Hosanna: Save Us
“The Ten Commandments” was broadcast last weekend, and will be again on Easter eve. It must be a law that at least one of the networks is obligated to do so every year at this time. It is quite a production, the very definition of ‘epic.’
It solidified Charlton Heston’s career; he got to play Moses and God (he voiced God when God speaks to Moses out of the burning bush; there’s some disagreement about who voiced God when Moses was given the Ten Commandments.) It saved Edward G. Robinson’s career; this was his first big role back after he’d been blacklisted under the McCarthy hearings. It was Yul Brynner’s favorite movie role, and, according Heston, his best work. Anne Baxter and Yvonne DeCarlo were paid very little for the work, but didn’t mind; they wanted nothing more than to appear in Cecil B. DeMille movie. Same for Vincent Price, who felt you weren’t truly a movie star until you appeared in a DeMille movie.
I watched it multiple times as a child, and even saw a re-release in a local theater. It is a great adventure story, especially with the liberties taken by the screenwriters and director. I was always, and still am, quite horrified by the depiction of the death of the Egyptian children by the Angel of Death, the final plague that convinces the Pharaoh to let Moses take the Hebrew people out from under slavery in Egypt. It’s one thing to read it; it’s another thing to see it portrayed in all its mercilessness on the big screen.
But that is the origin of the annual celebration of Passover, when observant Jews today remember their ancestors being brought out from slavery to freedom as the Angel of Death “passed over” their homes, sparing their lives, demonstrating the power of God and prompting the Pharaoh’s change of heart. That’s why Jesus was in Jerusalem when he was arrested before his execution, to celebrate Passover. It was a time of Pilgrimage, when faithful Jews from all over came together to celebrate in the city and at the temple that gave them their identity as the people of God. The Passover meal at the heart of their celebration is the very meal we remember when we celebrate communion, what we have come to call the Lord’s Supper.
The annual pilgrimage for the Feast of the Passover was why there was such a crowd when Jesus rode into town on what we now know as Palm Sunday. Yes, his reputation preceded him, but only to a point. The fact that he rode in on a donkey was a bit of street theatre that even those who did not know him would have recognized. Kings and triumphant warriors would ride into town dressed in the most impressive robes or military uniforms, in a triumphant display of power. Jesus came in on a lowly beast of burden, dusty from the road. The people, resentful of the heavy-handed rule of Rome, would have understood the mockery of Rome’s power Jesus was making.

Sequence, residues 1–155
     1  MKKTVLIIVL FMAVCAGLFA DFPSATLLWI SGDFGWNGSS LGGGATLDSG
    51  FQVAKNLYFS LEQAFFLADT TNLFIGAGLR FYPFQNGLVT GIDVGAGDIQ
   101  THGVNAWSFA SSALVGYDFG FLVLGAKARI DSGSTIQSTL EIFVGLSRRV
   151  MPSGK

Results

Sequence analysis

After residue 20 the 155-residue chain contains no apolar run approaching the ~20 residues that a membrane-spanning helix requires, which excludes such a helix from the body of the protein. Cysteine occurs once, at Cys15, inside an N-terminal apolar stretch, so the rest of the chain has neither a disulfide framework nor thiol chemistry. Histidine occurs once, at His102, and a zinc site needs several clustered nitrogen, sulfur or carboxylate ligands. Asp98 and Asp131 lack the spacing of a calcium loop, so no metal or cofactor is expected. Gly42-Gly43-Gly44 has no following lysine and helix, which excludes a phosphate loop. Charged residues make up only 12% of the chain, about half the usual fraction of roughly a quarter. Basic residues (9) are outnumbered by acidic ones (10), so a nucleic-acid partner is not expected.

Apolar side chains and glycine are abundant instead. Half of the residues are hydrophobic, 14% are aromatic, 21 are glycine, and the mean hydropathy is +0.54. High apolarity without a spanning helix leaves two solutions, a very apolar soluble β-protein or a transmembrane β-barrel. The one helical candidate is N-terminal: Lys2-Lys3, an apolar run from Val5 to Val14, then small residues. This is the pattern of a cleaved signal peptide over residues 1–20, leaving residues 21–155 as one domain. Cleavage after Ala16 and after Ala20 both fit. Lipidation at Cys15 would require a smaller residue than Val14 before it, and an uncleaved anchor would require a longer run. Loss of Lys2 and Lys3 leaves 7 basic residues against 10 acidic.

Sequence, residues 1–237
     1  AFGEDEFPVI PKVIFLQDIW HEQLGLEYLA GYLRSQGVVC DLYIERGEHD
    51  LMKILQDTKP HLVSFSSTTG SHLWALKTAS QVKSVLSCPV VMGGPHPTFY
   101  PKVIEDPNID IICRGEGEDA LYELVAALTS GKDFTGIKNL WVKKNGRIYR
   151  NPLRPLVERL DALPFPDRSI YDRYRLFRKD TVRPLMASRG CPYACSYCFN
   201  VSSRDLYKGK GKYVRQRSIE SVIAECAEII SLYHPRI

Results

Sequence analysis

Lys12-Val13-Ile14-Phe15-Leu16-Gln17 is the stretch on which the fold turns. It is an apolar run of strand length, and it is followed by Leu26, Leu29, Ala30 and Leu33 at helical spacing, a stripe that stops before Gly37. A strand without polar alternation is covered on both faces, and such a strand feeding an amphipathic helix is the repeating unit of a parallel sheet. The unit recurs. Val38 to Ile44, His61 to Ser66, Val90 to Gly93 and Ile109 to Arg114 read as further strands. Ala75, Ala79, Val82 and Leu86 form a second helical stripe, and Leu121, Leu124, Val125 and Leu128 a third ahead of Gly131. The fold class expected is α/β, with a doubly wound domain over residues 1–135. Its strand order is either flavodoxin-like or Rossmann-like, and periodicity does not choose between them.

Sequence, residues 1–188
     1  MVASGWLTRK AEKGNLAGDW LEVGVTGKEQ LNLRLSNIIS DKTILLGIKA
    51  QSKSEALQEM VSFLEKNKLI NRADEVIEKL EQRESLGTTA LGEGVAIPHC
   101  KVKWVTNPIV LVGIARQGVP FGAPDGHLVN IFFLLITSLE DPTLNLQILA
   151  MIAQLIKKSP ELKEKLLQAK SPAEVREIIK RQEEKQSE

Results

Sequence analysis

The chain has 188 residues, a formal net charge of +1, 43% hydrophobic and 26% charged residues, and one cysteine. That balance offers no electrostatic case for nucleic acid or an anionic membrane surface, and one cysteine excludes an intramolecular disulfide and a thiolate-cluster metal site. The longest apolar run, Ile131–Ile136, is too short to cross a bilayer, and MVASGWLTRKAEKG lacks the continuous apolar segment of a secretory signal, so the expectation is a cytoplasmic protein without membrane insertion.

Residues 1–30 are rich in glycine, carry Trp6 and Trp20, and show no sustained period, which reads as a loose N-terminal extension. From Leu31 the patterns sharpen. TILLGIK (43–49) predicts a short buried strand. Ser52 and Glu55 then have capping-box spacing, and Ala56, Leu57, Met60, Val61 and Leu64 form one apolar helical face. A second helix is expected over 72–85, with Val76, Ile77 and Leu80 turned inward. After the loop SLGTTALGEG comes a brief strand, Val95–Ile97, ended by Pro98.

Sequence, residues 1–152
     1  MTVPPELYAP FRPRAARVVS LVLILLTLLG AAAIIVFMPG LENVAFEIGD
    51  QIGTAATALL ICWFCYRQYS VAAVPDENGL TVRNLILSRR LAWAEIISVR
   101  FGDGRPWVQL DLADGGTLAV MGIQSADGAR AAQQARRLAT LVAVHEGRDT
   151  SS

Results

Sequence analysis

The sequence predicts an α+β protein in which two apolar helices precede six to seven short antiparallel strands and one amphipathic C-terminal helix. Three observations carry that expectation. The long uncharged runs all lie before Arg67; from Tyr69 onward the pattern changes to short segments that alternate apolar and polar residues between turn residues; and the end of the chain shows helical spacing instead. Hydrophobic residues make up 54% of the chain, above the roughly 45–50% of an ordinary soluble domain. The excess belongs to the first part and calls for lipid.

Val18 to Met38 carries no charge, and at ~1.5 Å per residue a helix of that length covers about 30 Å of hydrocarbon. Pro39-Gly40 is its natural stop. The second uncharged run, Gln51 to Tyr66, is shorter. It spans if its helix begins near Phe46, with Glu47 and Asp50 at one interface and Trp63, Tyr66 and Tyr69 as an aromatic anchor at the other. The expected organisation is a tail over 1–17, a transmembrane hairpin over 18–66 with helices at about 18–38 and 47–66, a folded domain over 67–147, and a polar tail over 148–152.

Marcus Borg and John Dominic Crossan say it this way: What we often call the triumphal entry was actually an anti-imperial, anti-triumphal one, a deliberate lampoon of the conquering emperor entering a city on horseback through gates opened in abject submission….the most unthreatening, most un-military mount imaginable: a female nursing donkey with her little colt trotting along beside her.
The crowd was shouting “Hosanna,” as they waved their palms, the Gospels tell us. Hosanna does not mean, “Hooray for Jesus! Our team is winning!” Hosanna actually means, “Save us!” It’s a cry for help, a prayer for holy intervention.
Most of Jerusalem had had enough. The people in from the countryside for Passover had had enough. In Moses’ day, those laboring under the oppressive Egyptian regime had had enough. They were all ready for release from captivity – release from economic insecurity, from religious tyranny, from the loss of their freedom and their identity as a people. Hosanna! Save us!
It’s been a strange season for us already. Maybe our observance of Holy Week can give us a new perspective on the events of Palm Sunday and these days and hours before Easter. That parade was a lark, an adventure. But then it got serious, very fast. Things changed quickly, from laughter and shouting to an arrest and then a crucifixion. We are faced with isolation, uncertainty, and loss – and a growing number of deaths, even among these we might know. I’m just saying things do change quickly when the public health is at risk from a virus we don’t fully understand, some don’t still believe is real, and those we should be able to trust don’t agree with each other. So we do our best. We want to, and should, join in that prayer, Hosanna! Save us! And then find ways to join in God’s answer to our own prayer.
So let’s see what lies ahead. What Easter will mean for us this year, as we celebrate in a different way? Let’s look for signs of hope and resurrection, where God is among us, how the Spirit is present in saving acts, where the Risen Christ is being made known. It may not be celebrated in a family meal or the joyful choruses of our morning worship together. But God is present. Always. There’s no stopping resurrection. We just need to look for it in new places, nurturing it new ways. Opening our hearts to it in new ways.